Of the many obscure, trench-coated progressive rock groups that germinated in the garages, sheds and rehearsal studios of England in the early ’70s, Stallion deserve to be recognised as one of the great lost bands of the first progressive era. Hailed critically, and by those lucky enough to see them perform, Stallion appeared on the same stage as many of their more well-known contemporaries including Motörhead, Stackridge, Rare Bird, Stray, The Edgar Broughton Band andTraffic. Despite winning a Melody Maker magazine competition and playing on the main stage at Reading Festival in 1976, and having successfully merged progressive rock moves with punk attitude, major label success eluded Stallion and they broke up in the late ’70s a well-kept secret.This new CD contains their rare single and fragments of “the album that never was”, together with a history of the band and previously unseen photographs.
Sound Engineer… Dave Hinde.
Phil Thornton….Stallion play ‘The Hard Life’ recorded live at the Lyceum Ballroom, London. September 1976 supporting Motorhead.
Paul E Newcomb… Stray were the headliners that night… Motorhead second and Dirty Tricks (?) third. Stallion had won the MM folfkRock competition that year I believe
Phil Gill… Correct as to line up, but Motörhead might have headlined.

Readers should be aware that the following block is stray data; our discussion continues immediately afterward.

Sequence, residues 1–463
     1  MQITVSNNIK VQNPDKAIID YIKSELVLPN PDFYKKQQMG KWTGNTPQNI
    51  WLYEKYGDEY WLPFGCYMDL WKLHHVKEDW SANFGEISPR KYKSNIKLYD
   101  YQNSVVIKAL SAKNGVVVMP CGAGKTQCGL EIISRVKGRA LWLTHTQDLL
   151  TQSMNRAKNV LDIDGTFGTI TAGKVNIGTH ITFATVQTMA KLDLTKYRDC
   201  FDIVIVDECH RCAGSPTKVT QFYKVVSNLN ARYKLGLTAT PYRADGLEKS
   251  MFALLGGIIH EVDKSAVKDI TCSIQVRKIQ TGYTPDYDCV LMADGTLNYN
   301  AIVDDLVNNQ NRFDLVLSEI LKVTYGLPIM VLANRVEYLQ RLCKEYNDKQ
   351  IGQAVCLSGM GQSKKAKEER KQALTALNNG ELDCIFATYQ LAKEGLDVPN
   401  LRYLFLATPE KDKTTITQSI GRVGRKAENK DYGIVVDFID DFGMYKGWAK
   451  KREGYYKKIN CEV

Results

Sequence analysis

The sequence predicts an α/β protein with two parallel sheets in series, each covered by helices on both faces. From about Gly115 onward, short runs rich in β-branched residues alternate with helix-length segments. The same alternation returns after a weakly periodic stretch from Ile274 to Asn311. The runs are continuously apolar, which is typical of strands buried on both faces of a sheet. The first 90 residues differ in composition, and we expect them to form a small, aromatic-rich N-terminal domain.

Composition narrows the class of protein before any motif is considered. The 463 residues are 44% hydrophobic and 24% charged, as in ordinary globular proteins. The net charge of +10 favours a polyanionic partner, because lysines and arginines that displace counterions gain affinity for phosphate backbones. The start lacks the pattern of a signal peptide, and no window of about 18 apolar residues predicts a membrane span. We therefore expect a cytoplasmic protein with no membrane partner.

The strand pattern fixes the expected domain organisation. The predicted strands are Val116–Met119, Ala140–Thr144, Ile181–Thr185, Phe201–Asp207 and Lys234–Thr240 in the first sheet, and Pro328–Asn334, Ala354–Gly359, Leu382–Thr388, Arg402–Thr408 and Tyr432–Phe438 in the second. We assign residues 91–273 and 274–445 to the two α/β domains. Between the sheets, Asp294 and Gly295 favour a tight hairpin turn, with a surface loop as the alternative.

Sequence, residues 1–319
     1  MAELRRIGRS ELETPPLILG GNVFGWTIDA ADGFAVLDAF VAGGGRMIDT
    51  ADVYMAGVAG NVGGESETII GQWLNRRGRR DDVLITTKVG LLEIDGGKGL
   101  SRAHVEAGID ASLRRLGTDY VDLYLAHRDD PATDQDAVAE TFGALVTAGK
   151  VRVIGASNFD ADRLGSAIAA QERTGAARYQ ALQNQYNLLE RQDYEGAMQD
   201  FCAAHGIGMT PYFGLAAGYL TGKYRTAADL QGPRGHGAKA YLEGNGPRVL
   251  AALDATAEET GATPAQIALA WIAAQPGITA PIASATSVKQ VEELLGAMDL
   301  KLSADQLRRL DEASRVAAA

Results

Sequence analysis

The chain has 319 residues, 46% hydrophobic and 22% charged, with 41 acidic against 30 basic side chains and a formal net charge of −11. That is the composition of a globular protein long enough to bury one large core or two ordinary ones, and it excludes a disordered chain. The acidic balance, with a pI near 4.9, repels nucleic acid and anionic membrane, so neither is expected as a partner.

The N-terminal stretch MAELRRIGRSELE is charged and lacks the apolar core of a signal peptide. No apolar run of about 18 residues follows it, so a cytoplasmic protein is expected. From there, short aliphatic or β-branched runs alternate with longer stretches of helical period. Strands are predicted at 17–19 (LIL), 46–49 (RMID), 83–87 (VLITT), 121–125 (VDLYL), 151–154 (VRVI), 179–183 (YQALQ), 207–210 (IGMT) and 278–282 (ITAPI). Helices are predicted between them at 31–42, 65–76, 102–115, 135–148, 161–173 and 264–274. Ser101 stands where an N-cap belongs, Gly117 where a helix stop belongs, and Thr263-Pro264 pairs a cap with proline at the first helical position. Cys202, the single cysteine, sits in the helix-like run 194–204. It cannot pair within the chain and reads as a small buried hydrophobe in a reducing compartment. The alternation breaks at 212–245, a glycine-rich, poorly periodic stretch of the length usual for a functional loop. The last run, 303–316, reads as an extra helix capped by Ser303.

Phil Thornton… Yes I think it was Motörhead headlining – the PA was theirs and they were charging other bands to use it !!
Pete Fisher… I was living in London then, but didn’t come along to the gig…guess I didn’t hear about it…funnily enough the band I joined that year got to the final of the MM Folk/Rock competition the following year in 1977 (after winning the semi-final at the Marquee), but didn’t win…
Dave Nattress… Just wonderful to hear this. Stallion were just so good and this proves it. In Damaris we had the privilege to play support a few times on the pier and we totally loved, respected, revered and admired this band. They were where we wanted to go. 43 years ago. Frightening. Brilliant that there are these recordings and my clear recollection of their tight musicianship and the spectacular whirling dervish performances of John Wilde come right back to me, and visuals aside John was a wonderful vocalist, great tone and delivery. Congrats to all, great memories and sad that not all the guys who took the Stallion road are no longer with us. Got the CD album a few years ago and play it a lot, great that Phil T and the guys were able to get it out
Phil Gill… Damaris were none too shabby as I recall. I remember a song about a “city punk” that always stuck in my head.
Dave Nattress… Thanks Phil, nice one. I have the lyric somewhere, just found it, yes I was big on rhyming and City Punk was followed by the line “Lived on Junk”, a not so obsure double meaning which was also something I liked to put in. We had some out-there tracks and themes and lyrics, tracks about weird stuff like “Star Tiger” which was the call-sign of an aircraft that disappeared over the Bermuda Triangle, “Alien Tomorrows” a space journey influenced piece, eampling part of the planet suite, never can remember if it was Mars or Jupiter – Iain Cobby puts me right. Trawled up a load more lyrics of our songs, “The First Survivor” one man thinking he’s alone on the planet after the proverbial nuclear war, “Rubic’s Cube”, “Jack the Ripper”, another with references to characters from Lord of the Rings – blimey were we up ourselves or what!! Anyway good, good days!! Best wishes Phil.